Wolax Woes Continue, But How Does Recent Form Compare To Other Chronic Underachievers?: La Salle Women’s Lacrosse Week In Review 3/21/23

Satire, Sports

Nicholas Signoretta, Editor

Biggest disappointment since you were conceived (Cry about it).

Finding a new and inventive way to sugarcoat every week’s women’s lacrosse article is a challenge I wake up dreading every Monday morning when The Collegian begins its routine publishing ritual.  How could I, someone who knows very little about the sport of lacrosse, find a way to entertain both the writer and myself amid paragraphs detailing twenty-minute Explorer scoring droughts and opposing runs that have scaled as high as twenty-one unanswered (that’s bad in football, the game where they score points in sevens)?  After witnessing a scarring three-loss week that saw the Explorers (0-8, 0-2) drop matches to two previously winless teams in the George Washington Colonials (1-5, 1-0) and the George Mason Patriots (1-7, 1-1) as well as falling to a solid UMBC Retrievers side (6-2), I have decided there is only one thing I can dunk on this week in an attempt to salvage any respect that the university, the team, and Dr. John P. Lacrosse (the inventor of lacrosse) have remaining for our beloved Explorers.  In a celebration of the fact that I know far more about college basketball than I do women’s lacrosse, I will be taking the low road and comparing the La Salle Explorers women’s lacrosse team to teams that have become national punching bags in the first week of this year’s NCAA Division I Men’s Basketball Tournament.

When looking for the ideal NCAA Tournament basketball team to pair up with the La Salle women’s lacrosse team, I had some basic requirements to put both competitors on an even playing field.  First, I must start with teams that did not win a single game in this year’s bracket because that would put them level with lacrosse’s zero wins.  That cuts the field of sixty-eight eligible bachelors in half, leaving us with thirty-four candidates.  Next, I am throwing out all low seeds because I feel that a 16 Seed losing in their first game is not disappointment but rather an expected formality.  That will shave a few more squads off my list.  For my final criterion, I just looked for teams that really inspired me with overall ineptitude.  Whether it was failing to live up to expectations or just playing truly horrendous basketball, I wanted to find a team so bad and soul crushing that they could rival the Explorers in ripping my heart out.  In the spirit of the tournament, I narrowed my candidates down to a final four, which I present to you.  We are left with the Virginia Cavaliers (a 4 Seed who lost in traumatic fashion after turning the ball over in the closing seconds which lead to a game-winning three-pointer for their opponent), the Iowa State Cyclones (a 6 Seed who shot 23.3% from the field, 9.5% from three, and 57.9% from the free-throw line in an eighteen-point loss to a team on one day’s rest), the Arizona Wildcats (a 2 Seed who lost to a 15 Seed, the second time they have done this in school history), and the Purdue Boilermakers (a 1 Seed who became the second team ever to fall at the feet of a 16 Seed).  With the Cavaliers having won a national championship in the past five years, they are excused from the disappointment championship.  The Cyclones’ performance was appalling, but their shooting percentage was nearly five points higher than the worst performance in tourney history.  The Wildcats have nothing going for them here.  They are just lucky the Boilermakers lost to a worse seed and have more national haters.  As you could have guessed before reading this entire paragraph, it’s time to buckle in for this article’s main event.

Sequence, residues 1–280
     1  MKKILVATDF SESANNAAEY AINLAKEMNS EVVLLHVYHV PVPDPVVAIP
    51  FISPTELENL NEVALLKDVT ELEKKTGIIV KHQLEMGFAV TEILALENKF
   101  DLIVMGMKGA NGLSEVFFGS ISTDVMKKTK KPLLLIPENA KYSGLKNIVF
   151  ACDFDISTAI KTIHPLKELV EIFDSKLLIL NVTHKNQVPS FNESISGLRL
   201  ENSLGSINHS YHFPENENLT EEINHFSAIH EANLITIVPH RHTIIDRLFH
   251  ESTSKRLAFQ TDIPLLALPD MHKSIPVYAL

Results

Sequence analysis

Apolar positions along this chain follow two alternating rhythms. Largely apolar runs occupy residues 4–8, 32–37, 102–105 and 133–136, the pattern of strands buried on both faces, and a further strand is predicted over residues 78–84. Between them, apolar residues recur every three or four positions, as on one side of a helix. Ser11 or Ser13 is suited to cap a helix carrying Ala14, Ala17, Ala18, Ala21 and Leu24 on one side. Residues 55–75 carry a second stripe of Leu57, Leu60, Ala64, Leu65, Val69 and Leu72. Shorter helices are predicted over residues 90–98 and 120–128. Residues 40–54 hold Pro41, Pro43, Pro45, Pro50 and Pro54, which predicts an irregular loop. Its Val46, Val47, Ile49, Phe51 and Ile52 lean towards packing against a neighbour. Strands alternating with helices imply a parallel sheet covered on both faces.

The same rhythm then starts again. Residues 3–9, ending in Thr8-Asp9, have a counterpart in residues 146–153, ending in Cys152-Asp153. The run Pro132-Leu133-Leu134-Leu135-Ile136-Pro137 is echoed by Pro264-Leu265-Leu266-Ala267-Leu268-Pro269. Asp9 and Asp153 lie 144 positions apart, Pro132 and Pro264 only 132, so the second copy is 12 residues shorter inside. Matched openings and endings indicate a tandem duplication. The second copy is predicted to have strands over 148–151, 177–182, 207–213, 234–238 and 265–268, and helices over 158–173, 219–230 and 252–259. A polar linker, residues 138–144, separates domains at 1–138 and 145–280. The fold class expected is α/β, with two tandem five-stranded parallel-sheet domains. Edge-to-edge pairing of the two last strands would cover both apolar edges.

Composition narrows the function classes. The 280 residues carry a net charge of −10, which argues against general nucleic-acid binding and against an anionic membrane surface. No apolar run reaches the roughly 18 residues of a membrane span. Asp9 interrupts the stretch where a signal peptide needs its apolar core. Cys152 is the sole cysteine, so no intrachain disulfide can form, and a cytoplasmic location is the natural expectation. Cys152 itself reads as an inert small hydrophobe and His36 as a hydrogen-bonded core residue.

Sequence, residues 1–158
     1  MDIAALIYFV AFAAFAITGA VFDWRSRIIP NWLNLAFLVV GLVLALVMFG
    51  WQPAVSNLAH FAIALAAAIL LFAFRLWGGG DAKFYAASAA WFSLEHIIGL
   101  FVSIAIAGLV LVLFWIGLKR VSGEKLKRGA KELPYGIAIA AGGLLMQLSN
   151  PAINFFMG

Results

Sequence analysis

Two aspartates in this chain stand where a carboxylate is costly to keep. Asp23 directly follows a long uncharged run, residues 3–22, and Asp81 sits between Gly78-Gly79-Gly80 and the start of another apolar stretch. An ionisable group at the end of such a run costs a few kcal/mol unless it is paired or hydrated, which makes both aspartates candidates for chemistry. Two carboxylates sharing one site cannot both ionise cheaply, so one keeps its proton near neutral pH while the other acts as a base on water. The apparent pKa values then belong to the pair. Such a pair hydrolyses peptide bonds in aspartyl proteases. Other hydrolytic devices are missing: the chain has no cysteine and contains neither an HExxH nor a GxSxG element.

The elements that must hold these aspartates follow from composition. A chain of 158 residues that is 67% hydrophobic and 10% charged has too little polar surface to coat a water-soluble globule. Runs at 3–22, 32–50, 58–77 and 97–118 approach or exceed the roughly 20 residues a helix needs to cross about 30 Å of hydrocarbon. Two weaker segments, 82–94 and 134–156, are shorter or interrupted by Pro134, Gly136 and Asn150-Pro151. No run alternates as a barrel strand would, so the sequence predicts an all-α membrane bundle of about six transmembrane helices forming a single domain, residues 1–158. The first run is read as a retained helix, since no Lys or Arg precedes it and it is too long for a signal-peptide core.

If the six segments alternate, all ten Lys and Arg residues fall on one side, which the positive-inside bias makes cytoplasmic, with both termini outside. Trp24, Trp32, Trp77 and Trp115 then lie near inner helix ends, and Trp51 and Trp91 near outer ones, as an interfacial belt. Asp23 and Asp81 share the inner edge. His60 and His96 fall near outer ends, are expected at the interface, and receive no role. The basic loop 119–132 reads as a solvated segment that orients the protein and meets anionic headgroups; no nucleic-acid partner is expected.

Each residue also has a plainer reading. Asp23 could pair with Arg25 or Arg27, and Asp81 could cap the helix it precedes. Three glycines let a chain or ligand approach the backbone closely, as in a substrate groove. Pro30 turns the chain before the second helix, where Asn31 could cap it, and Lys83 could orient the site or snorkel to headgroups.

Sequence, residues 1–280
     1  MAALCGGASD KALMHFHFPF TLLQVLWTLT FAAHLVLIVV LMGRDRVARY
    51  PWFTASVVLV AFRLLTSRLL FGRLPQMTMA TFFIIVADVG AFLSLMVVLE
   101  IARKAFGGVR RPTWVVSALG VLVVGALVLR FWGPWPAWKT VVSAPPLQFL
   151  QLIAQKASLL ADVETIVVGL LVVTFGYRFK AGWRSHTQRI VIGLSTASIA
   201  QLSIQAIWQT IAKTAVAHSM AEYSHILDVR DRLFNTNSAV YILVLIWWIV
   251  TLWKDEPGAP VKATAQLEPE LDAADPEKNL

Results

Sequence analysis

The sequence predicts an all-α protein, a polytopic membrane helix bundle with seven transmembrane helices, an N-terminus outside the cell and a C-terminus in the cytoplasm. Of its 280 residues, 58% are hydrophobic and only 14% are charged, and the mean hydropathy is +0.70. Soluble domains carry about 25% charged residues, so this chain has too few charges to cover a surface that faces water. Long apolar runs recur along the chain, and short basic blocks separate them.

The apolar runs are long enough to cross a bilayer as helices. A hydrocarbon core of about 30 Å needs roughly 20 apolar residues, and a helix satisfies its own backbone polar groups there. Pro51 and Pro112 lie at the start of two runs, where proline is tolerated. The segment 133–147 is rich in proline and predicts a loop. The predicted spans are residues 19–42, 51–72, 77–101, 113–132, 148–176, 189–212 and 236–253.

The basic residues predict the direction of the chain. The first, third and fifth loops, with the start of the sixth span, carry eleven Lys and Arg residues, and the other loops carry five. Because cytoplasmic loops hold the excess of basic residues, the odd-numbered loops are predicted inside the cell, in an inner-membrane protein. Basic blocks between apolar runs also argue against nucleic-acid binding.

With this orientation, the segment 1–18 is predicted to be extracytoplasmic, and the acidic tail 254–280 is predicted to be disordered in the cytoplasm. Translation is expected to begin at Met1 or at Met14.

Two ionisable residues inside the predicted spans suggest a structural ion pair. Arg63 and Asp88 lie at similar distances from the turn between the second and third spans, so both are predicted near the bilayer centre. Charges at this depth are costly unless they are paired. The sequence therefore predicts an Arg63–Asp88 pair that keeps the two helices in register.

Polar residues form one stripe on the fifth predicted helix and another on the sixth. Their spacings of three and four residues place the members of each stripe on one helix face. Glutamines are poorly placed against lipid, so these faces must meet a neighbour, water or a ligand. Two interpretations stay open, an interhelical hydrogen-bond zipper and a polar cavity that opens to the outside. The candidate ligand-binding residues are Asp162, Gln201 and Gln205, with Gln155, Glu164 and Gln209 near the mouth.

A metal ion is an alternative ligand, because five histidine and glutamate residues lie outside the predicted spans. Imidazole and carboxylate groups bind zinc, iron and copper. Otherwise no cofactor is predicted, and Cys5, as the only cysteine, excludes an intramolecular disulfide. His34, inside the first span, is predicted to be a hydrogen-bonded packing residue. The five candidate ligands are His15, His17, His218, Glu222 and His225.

La Salle Explorers Women’s Lacrosse v. Purdue Boilermakers Men’s Basketball

“Battle of the Disappointments”

As a career disappointment myself, I feel qualified to judge the competition I have created, so rest assured whatever you read from here on out is clear and undisputed fact.  This contest is going to have five rounds, with the team winning the most rounds by the end of the matchup being declared “The Most Disappointing Team Until Wolax Plays Their Next Game.”  Let us begin.

Round 1: The Brands

To compare Purdue men’s basketball to La Salle women’s lacrosse is like comparing Sports Illustrated to my articles in The Collegian.  Everyone knows the first one.  Only the parents who care about the people involved with the second one bother to keep up with it.  When I search “purdue men’s basketball” in Google, I get sixteen million results.  Typing in “la salle women’s lacrosse” yields only a third of that number (Over 5,000,000 hits for La Salle women’s lacrosse?  I need answers).  To deny that Purdue men’s basketball is the more recognizable brand would be like denying George Mason’s Shannon Tuozzo one of her nine goals against the Explorers last week.  It can’t be done.  Losing as the bigger brand gives Purdue the early lead.

Purdue Boilermakers Men’s Basketball: 1, La Salle Explorers Women’s Lacrosse: 0

Round 2: The Rosters

Purdue’s roster is highlighted by the likes of their 7’4” goliath of a center, Zach Edey.  The Naismith College Player of the Year frontrunner has some potential to play pro ball, and he is a monster in the paint that cleans up the glass and helps the Boilermakers run smoothly.  In comparison, the Explorers’ tallest player is 5’11” attacker Katie Johnson.  At least to my knowledge, Johnson has zero NBA prospects and was nowhere to be found on Naismith award watchlist articles I perused.  To lose with a colossal talent like Edey is a major fail, meaning Purdue out-disappoints again.